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Prayer of the Guest Chaplain of the U.S. House of Representatives: Rabbi Louis M. Tuchman on 30 March 1982

https://opensiddur.org/?p=55136 Prayer of the Guest Chaplain of the U.S. House of Representatives: Rabbi Louis M. Tuchman on 30 March 1982 2024-03-29 19:38:13 The Opening Prayer given in the U.S. House of Representatives on 30 March 1982. Text the Open Siddur Project Aharon N. Varady (transcription) Aharon N. Varady (transcription) Louis M. Tuchman United States Congressional Record https://opensiddur.org/copyright-policy/ Aharon N. Varady (transcription) https://creativecommons.org/publicdomain/zero/1.0/ Opening Prayers for Legislative Bodies United States of America 20th century C.E. תחינות teḥinot 58th century A.M. English vernacular prayer U.S. House of Representatives Prayers of Guest Chaplains 97th Congress
Guest Chaplain: Rabbi Louis M. Tuchman, Congregation Agudas Achim, Peoria, Illinois
Sponsor: Rep. Bob Michel (R-IL)
Date of Prayer: 30 March 1982

Mr. MICHEL. Mr. Speaker, we are honored today to have the opening prayer delivered by Rabbi Louis M. Tuchman currently rabbi of Agudas Achim Congregation in Peoria.

While it would be impossible for me, in this short time, to list all his accomplishments, a capsule summary of his illustrious career in service to God and his fellow man would surely be appropriate.

A magna cum laude graduate of Yeshiva University, Rabbi Tuchman was ordained at the Rabbi Isaac Elchanan Theological Seminary of Yeshiva University.

He is assistant editor of Tradition, published by the Rabbinical Council of America and associate editor of the Rabbinical Council Manual as well as editor of the Rabbinical Council’s Proceedings.

In 1960, 1964, 1973, and 1977 he was chaplain and kashruth supervisor at the National Boy Scout Jamboree.

He is the recipient of the Shofar Award, the highest national award, in recognition of outstanding service in behalf of Jewish youth in the Boy Scouts of America.

His articles have appeared in many magazines, including Jewish Life and he has lectured at Duke University, Monmouth College, and at San Francisco State College.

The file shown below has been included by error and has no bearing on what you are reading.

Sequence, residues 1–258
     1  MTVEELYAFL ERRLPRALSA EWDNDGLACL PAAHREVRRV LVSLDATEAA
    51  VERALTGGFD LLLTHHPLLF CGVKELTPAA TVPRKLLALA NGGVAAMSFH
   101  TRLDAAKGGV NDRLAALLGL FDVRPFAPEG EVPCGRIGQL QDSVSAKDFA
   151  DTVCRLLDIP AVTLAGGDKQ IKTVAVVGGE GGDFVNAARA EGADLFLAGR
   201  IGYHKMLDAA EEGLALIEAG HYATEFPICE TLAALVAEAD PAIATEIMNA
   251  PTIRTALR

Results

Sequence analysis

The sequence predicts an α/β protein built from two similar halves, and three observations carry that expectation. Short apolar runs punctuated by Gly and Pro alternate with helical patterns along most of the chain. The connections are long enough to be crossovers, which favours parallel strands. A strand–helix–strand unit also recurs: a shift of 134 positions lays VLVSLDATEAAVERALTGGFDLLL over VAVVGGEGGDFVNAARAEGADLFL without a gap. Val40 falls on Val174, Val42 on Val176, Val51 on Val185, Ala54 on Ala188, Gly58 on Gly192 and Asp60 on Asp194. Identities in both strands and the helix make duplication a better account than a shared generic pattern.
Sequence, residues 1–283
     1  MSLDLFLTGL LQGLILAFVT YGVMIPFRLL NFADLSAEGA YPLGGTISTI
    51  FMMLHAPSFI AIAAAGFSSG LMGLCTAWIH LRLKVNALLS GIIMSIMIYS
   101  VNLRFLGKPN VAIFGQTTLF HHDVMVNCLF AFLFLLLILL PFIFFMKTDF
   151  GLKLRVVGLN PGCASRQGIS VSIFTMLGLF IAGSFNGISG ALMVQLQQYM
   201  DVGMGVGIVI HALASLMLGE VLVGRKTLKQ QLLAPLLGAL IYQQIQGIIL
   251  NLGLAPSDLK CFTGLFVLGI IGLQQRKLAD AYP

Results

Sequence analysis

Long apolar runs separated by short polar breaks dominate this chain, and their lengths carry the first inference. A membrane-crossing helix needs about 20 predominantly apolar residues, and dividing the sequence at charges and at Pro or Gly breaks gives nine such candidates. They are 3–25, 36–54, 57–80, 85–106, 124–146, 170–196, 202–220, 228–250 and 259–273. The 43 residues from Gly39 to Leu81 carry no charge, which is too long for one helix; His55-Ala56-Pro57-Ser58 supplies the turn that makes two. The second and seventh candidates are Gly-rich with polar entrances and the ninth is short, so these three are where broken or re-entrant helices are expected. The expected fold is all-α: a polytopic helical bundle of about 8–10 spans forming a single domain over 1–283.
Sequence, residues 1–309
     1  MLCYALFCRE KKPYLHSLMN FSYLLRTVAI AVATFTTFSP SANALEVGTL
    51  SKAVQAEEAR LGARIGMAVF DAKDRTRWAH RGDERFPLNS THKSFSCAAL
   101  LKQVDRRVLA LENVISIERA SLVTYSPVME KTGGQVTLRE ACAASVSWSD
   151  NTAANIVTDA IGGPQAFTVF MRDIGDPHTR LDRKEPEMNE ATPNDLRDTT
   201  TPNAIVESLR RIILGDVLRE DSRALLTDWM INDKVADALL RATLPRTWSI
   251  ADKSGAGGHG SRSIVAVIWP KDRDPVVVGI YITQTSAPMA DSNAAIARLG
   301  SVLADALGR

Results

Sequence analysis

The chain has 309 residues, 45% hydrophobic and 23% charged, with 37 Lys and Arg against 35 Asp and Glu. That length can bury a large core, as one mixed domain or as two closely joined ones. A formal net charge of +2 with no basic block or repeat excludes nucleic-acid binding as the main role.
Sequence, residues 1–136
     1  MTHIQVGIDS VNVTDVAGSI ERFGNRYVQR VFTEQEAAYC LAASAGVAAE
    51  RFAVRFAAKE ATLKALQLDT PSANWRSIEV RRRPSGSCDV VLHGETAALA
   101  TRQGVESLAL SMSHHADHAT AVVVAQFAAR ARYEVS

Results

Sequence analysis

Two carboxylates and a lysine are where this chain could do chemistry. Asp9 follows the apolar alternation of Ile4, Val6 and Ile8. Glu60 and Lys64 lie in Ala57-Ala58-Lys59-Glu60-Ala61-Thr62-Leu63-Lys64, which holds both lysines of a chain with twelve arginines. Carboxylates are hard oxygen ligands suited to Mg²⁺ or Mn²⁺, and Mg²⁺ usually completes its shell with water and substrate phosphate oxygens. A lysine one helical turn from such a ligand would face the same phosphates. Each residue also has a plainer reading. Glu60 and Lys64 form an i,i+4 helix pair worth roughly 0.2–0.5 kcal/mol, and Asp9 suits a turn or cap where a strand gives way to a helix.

Mr. Speaker, as I said, this brief list only begins to touch upon Rabbi Tuchman’s contributions to our national life. I am very proud to have this chance to introduce him to our colleagues.


TABLE HELP

Contribute a translationSource (English)
אָבִינוּ שֶׁבַּשָּׁמַיִם,
צוּר יִשְׂרָאֵל וְגוֹאֲלוֹ
Avinu shebashamayim
tzur Yisrael vegoalo.
[1] The first line of the Rabbi Yitsḥak haLevi Hertzog’s Prayer for the State of Israel (1948). 
 
Our Heavenly Father,
Supreme Architect of the Universe,
vouchsafe Thy benign blessings
upon the Members of this House of Representatives,
who have been assigned the responsibility
of guiding our great Nation.
Grant them, O Lord,
the wisdom and understanding
to labor for the well-being
of the United States of America
with zeal and with determination.
Today, amidst darkened skies,
may the glorious light of Thy countenance
shine forth brightly.
May we soon witness the day
when the ominous clouds
of evil and hatred
shall no longer flash athwart the skies,
and hope and loving kindness
will pierce the darkness
of fear and despair.

As we approach the month of freedom,
may the spirit of that day,
more than 200 years ago,
imbue this body and Nation
to continue to strive
for mankind’s beneficence,
well-being,
freedom,
and security.
Amen.


This prayer of the guest chaplain was offered in the third month of the second session of the 97th US Congress in the House of Representatives, and published in the Congressional Record, vol. 128, part 5 (1982), page 5881.

Source(s)

Congressional Record, vol. 128, part 5 (30 March 1982), p. 5881

Congressional Record, vol. 128, part 5 (30 March 1982), p. 5882

 

Notes

Notes
1The first line of the Rabbi Yitsḥak haLevi Hertzog’s Prayer for the State of Israel (1948).

 

 

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